In Frisch, the court held that although Ronald had provided Heidi with complete tax and income information at the time of the hearing, as required by statute and court order, his failure to produce the information in a timely manner, permitted him to evade exposure to the possibility of a modification of his child support obligation and thereby deprived Heidi and their children of their traditional remedies under statutory provisions for modification of child support. Thus, the contempt was continuing and the trial court had authority to sanction Ronald.
The holding is disturbing because the majority decision did not have to go to such lengths to reverse the Court of Appeals. In his concurring opinion, Justice Louis Butler Jr., joined by Justice Ann Walsh Bradley, opined that the majority opinion “does violence to the law of remedial contempt” by holding that failure to meet a deadline constitutes a “continuing contempt” of court.
Justice Butler pointed out that since Ronald had been found by the trial court to have engaged in on-going efforts to conceal his income and financial interests, the circuit court could be affirmed for holding Ronald in contempt by a straightforward application of Wis. Stat. §785.01(3). By doing so, the problems with the definition of “continuing contempt” in the majority decision could have been avoided.
More Bad News Than Good
The good news is that this holding avoids the fear discussed in my article when the Supreme Court accepted review of this case: That the Court of Appeals’ holding could be interpreted as allowing a party to violate a court order and then avoid sanctions by compliance immediately prior to the contempt hearing, but after the other party had incurred costs as a result of the violation.
The not-so-good news is that other questions are raised:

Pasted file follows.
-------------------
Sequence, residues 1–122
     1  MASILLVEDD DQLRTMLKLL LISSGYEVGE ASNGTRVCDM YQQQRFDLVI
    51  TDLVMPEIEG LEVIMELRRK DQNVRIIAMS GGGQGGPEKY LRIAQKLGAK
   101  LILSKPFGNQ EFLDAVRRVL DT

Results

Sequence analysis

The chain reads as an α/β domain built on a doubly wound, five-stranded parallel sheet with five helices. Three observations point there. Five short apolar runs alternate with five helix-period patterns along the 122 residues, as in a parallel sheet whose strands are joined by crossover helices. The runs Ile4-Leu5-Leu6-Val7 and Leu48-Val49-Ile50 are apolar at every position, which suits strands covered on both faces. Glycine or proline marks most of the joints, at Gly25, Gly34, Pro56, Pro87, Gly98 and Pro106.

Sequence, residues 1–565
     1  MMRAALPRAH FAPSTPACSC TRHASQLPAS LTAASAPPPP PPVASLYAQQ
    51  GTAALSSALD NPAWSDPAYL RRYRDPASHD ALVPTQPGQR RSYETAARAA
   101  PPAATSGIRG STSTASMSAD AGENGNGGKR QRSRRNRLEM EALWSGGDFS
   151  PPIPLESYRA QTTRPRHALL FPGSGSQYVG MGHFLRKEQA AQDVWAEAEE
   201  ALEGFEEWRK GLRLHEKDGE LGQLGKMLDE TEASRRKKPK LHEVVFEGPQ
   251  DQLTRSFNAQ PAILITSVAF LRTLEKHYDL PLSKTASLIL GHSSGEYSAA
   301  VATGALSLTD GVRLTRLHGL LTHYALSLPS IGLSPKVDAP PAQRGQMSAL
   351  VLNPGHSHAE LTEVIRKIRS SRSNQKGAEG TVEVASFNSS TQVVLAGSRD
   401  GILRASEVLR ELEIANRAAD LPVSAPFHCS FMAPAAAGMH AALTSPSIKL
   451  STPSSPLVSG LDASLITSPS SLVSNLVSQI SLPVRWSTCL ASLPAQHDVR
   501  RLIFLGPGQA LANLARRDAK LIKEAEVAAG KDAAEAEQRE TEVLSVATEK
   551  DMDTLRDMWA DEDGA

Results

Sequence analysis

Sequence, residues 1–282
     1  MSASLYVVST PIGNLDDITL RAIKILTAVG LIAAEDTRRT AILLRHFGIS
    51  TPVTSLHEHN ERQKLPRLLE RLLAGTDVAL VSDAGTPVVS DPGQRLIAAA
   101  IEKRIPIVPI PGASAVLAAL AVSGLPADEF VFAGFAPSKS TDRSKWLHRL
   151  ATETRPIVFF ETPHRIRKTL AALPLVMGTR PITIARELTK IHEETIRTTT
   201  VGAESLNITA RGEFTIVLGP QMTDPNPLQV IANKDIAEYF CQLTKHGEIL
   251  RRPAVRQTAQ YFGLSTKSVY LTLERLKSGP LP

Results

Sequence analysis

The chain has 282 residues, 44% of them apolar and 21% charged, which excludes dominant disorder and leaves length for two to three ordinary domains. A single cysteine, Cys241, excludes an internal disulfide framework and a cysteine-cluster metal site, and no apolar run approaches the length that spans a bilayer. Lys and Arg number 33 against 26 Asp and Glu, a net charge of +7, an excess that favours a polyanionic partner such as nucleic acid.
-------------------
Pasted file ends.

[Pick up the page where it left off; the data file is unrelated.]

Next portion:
- Since the continuing contempt was caused by the damage done by failing to provide the requisite information timely, is there continuing contempt if the only damage is financial, such as a failure to pay support, and the arrears are brought current prior to the hearing? If not, forget the “good news” above.
- The court noted that a failure to afford visitation is not a continuing contempt since the damage cannot be purged by a subsequent order. Does this mean that remedial contempt does not apply to visitation disputes?
- Since most payors ignore the requirement to provide financial information annually (in fact, are there any who do so?), are they all in continuing contempt?
- If so, is there a statute of limitations? If the payee does not request the information, does laches apply?
- If the answer to #3 is “yes”, has the law prohibiting retroactive increases in support been essentially gutted?
It is the last three questions which are the most worrisome. By a strict reading of the case, at any time in the future, a payer can be civilly prosecuted for unreported increases in income. As a result, absent providing “financial information” (which is nowhere defined in the statutes), payors may have to live with the Sword of Damocles hanging over their head.
Unfortunately for parties (and especially their children), the future is rife for litigation.
This article originally appeared in Wisconsin Law Journal.